Are there any literary devices in act IV, scene III lines 115-131 in Shakespeare's Macbeth? You do not have to tell me what they are, but I have been looking for an hour and have yet to find any. Please just tell me if there even are any.
In William Shakespeare’s Macbeth, like any other play or book, literary devices can be difficult to find for the unpracticed eye. But the truth is, in any work of literary art every word is part of one literary device or another.
Think of it this way: plot itself is technically a literary device, and everything that happens is part of the plot. Characterization is also a literary device, so everything that a character does or says or experiences is part of its characterization.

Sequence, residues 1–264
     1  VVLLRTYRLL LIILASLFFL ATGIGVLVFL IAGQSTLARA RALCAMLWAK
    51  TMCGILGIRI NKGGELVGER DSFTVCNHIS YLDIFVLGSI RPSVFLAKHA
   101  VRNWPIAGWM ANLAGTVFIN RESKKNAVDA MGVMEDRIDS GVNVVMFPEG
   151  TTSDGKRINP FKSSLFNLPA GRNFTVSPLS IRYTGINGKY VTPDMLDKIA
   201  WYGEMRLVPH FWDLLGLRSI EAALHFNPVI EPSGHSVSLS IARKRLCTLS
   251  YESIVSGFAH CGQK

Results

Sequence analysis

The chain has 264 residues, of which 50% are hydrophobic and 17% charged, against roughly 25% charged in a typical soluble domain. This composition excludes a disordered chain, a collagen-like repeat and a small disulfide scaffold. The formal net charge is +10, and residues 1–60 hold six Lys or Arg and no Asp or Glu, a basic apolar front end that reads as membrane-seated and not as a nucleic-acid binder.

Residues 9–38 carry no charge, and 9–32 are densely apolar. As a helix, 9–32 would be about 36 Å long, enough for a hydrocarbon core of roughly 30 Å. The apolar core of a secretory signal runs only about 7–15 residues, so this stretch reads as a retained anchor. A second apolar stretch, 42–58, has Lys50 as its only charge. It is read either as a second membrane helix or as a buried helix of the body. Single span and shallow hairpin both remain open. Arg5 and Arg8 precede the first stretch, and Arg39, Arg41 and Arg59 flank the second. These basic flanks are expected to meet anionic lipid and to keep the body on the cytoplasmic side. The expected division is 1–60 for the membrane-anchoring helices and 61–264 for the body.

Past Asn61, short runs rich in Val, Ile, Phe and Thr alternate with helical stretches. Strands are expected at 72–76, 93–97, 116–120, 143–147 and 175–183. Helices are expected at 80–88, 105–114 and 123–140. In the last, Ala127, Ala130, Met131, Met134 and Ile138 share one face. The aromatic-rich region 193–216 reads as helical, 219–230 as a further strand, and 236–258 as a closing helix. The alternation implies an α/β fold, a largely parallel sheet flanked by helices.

You are probably trying to find something more specific, like allusion or symbolism or metaphor, etc. There is not always one of these types of literary devices present in every line of Macbeth, or any other work, for that matter. However, I will tell you that there is an example of a certain type of metaphor called personification within lines 115-131. Look up the definition of personification and see if you can find the example within those lines.
Otherwise, you could think about how these lines advance the plot or serve to further characterize Malcolm or Macduff.